Past and future of stem cells: from Prometheus to regenerative medicine

Gavino Faa, Vassilios Fanos, Antonio Giordano


The salamander limb regenerates completely after amputation and the heart of the zebrafish returns to normal even after an extensive injury.

What is it that makes all this possible? The answer is the presence of stem cells, which in these animals are quite efficient. We humans have lost this capacity, but researchers are working incessantly to control cell reprogramming and make regenerative medicine possible and close at hand.

It is probable that the ancient Greeks knew about the regenerative properties of the liver. Suffice it to recall the story of Prometheus.

Different organs are considered: brain, heart, lung, kidney, adrenal glands, liver, pancreas, gut.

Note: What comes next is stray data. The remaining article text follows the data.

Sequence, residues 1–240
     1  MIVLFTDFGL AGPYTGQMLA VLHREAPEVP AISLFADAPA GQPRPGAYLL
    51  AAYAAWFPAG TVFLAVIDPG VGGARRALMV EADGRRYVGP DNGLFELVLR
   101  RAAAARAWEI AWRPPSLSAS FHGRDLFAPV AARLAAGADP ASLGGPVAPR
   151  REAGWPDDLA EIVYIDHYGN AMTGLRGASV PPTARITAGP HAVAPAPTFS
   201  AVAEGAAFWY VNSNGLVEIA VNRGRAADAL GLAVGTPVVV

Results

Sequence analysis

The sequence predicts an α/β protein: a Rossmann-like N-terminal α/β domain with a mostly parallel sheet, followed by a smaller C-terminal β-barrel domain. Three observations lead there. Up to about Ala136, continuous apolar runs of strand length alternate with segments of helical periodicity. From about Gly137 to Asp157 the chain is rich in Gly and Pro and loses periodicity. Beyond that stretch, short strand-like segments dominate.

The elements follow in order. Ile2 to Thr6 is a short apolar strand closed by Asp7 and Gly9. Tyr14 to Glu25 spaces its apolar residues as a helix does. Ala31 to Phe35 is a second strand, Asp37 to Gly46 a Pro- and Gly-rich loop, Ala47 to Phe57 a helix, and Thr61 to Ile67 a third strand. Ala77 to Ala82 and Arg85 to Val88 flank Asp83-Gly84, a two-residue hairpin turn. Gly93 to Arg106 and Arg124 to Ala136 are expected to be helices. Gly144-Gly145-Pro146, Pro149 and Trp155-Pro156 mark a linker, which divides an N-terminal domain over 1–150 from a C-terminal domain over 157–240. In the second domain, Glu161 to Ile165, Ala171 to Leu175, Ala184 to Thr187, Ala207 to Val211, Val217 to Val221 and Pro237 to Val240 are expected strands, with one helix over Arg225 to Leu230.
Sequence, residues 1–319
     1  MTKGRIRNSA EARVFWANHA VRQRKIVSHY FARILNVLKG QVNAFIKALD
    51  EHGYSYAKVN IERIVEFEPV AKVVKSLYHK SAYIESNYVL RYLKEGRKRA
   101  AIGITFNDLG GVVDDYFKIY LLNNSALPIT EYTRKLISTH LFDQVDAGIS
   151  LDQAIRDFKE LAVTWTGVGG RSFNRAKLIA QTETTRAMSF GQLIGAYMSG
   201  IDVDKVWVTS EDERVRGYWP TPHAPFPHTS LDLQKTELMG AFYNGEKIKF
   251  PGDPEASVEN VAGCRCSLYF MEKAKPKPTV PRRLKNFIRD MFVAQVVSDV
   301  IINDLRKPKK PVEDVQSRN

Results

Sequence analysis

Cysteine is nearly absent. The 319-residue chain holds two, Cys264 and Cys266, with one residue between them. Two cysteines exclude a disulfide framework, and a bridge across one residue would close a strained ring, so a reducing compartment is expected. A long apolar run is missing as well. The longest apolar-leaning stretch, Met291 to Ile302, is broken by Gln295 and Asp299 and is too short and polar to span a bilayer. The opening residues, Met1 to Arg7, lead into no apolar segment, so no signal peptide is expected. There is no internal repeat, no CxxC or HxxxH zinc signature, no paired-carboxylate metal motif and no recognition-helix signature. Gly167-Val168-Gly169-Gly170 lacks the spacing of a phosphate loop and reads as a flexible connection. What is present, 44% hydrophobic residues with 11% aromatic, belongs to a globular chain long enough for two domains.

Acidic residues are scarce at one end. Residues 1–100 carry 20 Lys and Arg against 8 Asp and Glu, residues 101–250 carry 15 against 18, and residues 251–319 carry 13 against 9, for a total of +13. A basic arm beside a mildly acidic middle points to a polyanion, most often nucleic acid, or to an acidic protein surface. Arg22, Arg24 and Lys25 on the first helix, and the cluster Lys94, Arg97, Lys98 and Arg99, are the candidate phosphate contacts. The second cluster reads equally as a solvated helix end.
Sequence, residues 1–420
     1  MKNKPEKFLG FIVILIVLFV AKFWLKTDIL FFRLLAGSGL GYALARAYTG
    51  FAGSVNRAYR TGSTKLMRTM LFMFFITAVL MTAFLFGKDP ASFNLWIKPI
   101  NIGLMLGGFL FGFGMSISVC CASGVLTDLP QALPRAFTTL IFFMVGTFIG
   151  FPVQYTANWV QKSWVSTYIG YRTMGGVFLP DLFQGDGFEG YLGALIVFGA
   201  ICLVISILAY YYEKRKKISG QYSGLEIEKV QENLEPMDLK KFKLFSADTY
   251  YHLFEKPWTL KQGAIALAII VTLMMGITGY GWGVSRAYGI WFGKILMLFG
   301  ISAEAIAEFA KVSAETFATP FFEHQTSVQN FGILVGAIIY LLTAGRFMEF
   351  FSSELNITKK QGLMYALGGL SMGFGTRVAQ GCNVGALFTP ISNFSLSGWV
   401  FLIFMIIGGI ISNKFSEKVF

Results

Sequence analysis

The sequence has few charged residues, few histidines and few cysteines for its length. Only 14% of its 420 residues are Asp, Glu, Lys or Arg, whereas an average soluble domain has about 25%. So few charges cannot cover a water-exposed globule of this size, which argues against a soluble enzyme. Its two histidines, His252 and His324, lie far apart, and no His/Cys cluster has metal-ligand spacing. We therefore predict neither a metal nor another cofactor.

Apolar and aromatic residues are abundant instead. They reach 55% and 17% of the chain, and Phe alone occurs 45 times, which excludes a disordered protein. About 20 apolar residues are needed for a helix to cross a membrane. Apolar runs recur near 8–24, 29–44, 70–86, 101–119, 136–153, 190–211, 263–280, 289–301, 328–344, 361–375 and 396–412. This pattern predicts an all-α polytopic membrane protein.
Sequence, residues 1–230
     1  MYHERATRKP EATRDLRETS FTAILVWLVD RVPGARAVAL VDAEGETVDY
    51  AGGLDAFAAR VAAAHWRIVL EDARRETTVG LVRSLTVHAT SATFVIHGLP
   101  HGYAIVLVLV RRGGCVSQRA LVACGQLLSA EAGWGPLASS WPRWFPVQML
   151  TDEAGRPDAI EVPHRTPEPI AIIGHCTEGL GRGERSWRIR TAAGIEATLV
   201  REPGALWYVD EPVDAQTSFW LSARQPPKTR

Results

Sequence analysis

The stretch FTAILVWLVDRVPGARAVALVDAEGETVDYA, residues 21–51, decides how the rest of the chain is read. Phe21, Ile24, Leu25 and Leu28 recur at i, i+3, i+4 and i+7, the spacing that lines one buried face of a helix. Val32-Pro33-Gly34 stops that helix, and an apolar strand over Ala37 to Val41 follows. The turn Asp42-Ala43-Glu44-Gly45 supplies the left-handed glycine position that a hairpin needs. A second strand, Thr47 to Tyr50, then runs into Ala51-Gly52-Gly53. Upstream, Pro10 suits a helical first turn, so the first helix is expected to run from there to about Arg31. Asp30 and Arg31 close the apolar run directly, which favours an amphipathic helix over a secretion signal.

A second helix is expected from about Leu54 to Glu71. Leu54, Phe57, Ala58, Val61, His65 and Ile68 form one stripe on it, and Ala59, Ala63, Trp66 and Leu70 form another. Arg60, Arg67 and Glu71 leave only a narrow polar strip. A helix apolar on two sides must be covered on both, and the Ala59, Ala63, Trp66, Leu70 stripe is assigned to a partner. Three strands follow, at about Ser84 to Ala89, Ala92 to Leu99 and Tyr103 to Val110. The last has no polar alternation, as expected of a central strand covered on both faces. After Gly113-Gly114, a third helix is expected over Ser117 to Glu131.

Last but not least, we consider the stem cells of mother's milk which, from the neonatal intestinal lumen, are transported to the several organs, among which the brain, in which they become neurons, oligodendrocytes and astrocytes. This is a discovery that changes many things with respect to our knowledge today.

Many actors are present on the stage in the archipelago of complexity and the uninterrupted string of perinatal programming which, from fetus to adult, orients and governs our health, for better or for worse.


Proceedings of the 2nd International Course on Perinatal Pathology (part of the 11th International Workshop on Neonatology · October 26th-31st, 2015) · Cagliari (Italy) · October 31st, 2015 · Stem cells: present and future
Guest Editors: Gavino Faa, Vassilios Fanos, Antonio Giordano


stem cells; regenerative medicine; brain; heart; lung; kidney; adrenal glands; liver; pancreas; gut; milk

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